Announcement

Collapse
No announcement yet.

Trumps approval by state

Collapse
X
 
  • Filter
  • Time
  • Show
Clear All
new posts

  • #46
    Originally posted by TonyR View Post

    Interesting theory.

    It was in the 1970s that American politics began to polarise around voters’ levels of educational attainment. The Republican Party, until then a party of tweedy north-easterners, began recruiting less-educated southern whites, alienated by the civil-rights movement. Over time, the partisan gap between college-educated voters and less-educated ones widened. In 2016 it exploded. The Pew Research Centre, a think-tank, found that overall, college graduates favoured Hillary Clinton by 21 percentage points, while those without a degree backed Donald Trump by a seven-point margin. Among whites, the difference is greater: those without a college degree backed Mr Trump over Mrs Clinton by a margin of more than two to one.

    How far did this educational divide determine the outcome of the 2016 election? To answer this question, Michael Sances of Temple University collected data on presidential-election results and education levels in each of America’s 3,000-plus counties from 1972 to 2016. Mr Sances finds that the gap in support for Democratic candidates between the highest- and the lowest-educated counties grew significantly between 2012 and 2016, from about 16 percentage points to 28 percentage points (see chart). This disparity has grown especially quickly in midwestern swing states. In Iowa, for example, Hillary Clinton won 66% of the vote in better-educated counties, up from Barack Obama’s 61% share in 2012, but only 27% in less-educated ones, down from 46%.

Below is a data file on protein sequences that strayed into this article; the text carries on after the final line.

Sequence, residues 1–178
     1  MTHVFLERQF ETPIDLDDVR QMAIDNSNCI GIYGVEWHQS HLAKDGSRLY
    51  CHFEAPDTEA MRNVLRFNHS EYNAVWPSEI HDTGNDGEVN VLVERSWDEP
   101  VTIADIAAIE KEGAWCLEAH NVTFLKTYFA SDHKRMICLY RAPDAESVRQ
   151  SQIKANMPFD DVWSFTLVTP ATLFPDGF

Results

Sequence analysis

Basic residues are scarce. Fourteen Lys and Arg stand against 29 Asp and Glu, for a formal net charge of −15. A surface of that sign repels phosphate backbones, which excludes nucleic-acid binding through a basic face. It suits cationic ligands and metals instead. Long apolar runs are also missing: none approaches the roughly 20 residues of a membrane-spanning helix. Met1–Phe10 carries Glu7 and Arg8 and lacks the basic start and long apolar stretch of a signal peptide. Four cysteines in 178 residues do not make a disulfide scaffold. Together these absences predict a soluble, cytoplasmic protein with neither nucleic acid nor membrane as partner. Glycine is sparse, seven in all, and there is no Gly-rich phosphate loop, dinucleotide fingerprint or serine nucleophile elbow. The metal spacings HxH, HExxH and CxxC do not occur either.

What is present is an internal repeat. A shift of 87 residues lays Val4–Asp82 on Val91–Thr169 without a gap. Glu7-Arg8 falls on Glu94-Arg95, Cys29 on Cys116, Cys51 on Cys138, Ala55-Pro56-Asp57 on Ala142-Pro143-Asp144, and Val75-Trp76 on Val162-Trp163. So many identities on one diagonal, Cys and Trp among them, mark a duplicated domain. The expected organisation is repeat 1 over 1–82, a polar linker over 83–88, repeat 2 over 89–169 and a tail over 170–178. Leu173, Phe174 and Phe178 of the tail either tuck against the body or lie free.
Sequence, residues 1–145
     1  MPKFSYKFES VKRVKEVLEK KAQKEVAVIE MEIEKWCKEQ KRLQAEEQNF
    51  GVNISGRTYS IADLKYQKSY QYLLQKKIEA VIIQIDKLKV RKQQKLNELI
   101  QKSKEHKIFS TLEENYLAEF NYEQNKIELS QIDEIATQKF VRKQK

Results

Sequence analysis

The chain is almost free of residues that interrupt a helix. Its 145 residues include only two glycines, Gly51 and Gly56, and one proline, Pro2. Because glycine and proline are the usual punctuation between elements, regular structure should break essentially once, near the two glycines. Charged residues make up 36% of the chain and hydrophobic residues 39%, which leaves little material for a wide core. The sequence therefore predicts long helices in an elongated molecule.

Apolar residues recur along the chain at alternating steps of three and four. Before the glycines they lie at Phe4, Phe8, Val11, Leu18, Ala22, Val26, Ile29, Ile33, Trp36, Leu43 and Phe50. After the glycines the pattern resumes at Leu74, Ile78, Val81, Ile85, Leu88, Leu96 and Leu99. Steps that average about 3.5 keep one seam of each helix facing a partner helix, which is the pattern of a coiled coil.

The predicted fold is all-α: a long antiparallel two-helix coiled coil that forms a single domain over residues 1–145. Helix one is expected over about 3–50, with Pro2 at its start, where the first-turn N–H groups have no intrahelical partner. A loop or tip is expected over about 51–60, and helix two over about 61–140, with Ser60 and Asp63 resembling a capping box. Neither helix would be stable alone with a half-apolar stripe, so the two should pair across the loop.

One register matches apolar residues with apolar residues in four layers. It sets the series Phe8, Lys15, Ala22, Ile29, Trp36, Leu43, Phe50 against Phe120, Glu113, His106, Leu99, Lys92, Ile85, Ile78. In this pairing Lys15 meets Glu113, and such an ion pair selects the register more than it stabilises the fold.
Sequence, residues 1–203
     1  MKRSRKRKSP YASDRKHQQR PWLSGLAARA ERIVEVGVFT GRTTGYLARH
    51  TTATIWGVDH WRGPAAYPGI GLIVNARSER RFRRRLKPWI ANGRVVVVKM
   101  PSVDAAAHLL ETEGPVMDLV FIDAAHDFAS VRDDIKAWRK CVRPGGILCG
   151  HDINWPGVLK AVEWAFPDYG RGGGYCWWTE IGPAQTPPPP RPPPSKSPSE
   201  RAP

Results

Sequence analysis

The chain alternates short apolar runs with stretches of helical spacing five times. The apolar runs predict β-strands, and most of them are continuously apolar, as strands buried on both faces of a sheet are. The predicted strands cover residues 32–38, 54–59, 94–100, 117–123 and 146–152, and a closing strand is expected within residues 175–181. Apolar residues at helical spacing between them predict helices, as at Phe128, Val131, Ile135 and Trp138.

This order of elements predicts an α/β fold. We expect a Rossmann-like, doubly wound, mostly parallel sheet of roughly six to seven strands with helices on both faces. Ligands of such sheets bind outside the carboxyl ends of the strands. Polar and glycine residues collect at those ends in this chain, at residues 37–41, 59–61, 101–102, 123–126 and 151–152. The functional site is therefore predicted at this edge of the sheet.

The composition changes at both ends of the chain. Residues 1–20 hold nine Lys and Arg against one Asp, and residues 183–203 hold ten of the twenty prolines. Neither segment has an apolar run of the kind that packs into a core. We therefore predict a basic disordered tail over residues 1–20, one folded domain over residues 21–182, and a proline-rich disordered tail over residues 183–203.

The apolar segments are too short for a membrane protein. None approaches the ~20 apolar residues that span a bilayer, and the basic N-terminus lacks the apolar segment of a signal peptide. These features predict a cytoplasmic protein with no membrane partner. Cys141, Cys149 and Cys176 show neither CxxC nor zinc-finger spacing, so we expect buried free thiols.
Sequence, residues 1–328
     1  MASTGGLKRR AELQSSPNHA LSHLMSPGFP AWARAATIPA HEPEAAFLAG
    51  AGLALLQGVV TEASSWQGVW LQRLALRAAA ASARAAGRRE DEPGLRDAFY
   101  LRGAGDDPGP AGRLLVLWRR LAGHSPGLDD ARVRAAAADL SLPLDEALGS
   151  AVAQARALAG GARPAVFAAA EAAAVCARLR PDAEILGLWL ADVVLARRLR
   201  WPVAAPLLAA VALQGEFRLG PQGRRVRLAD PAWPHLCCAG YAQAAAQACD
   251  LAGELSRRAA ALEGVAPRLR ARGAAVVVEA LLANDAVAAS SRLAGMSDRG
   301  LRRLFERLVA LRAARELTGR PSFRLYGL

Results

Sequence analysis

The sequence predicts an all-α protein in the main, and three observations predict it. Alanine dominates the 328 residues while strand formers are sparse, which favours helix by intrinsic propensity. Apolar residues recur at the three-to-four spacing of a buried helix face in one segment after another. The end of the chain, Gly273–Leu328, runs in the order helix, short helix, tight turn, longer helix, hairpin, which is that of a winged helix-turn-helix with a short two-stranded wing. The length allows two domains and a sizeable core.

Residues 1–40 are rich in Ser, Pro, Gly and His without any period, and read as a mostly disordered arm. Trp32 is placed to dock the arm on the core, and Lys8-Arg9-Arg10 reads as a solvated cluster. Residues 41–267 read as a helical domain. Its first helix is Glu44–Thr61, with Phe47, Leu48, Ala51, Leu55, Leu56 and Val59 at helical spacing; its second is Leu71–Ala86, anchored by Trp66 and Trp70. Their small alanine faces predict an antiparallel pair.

According to Mr Sances, this shift in political support was decisive to Mr Trump’s victory in 2016. Had the counties in the bottom 10% of the education distribution stuck to their voting behaviour in 2012, Mrs Clinton would have been tied with Mr Trump in the electoral college. Had the counties in the bottom 20% done so, she would have won. As the 2020 election approaches, Democrats will have to think seriously about how to bring less-educated voters back to their side. The party’s current focus on left-leaning government programmes such as Medicare for All, which tend to be popular with well-educated liberals but poll poorly among blue-collar white voters, are unlikely to tilt the scales back in their favour.


    https://www.economist.com/graphic-de...he-white-house
    Don't recall all this concern when Democrats pwned High School Dropouts decade after decade.

    Comment


    • #47
      Originally posted by BroncoBeavis View Post

      Don't recall all this concern when Democrats pwned High School Dropouts decade after decade.
      Why would it be a "concern"? From a political standpoint it's a strength. There are far more uneducated than educated. Trump dominated the uneducated white vote. It's why he won. And will be why he wins again, if he does.

      Comment


      • #48
        Originally posted by TonyR View Post

        Why would it be a "concern"? From a political standpoint it's a strength. There are far more uneducated than educated. Trump dominated the uneducated white vote. It's why he won. And will be why he wins again, if he does.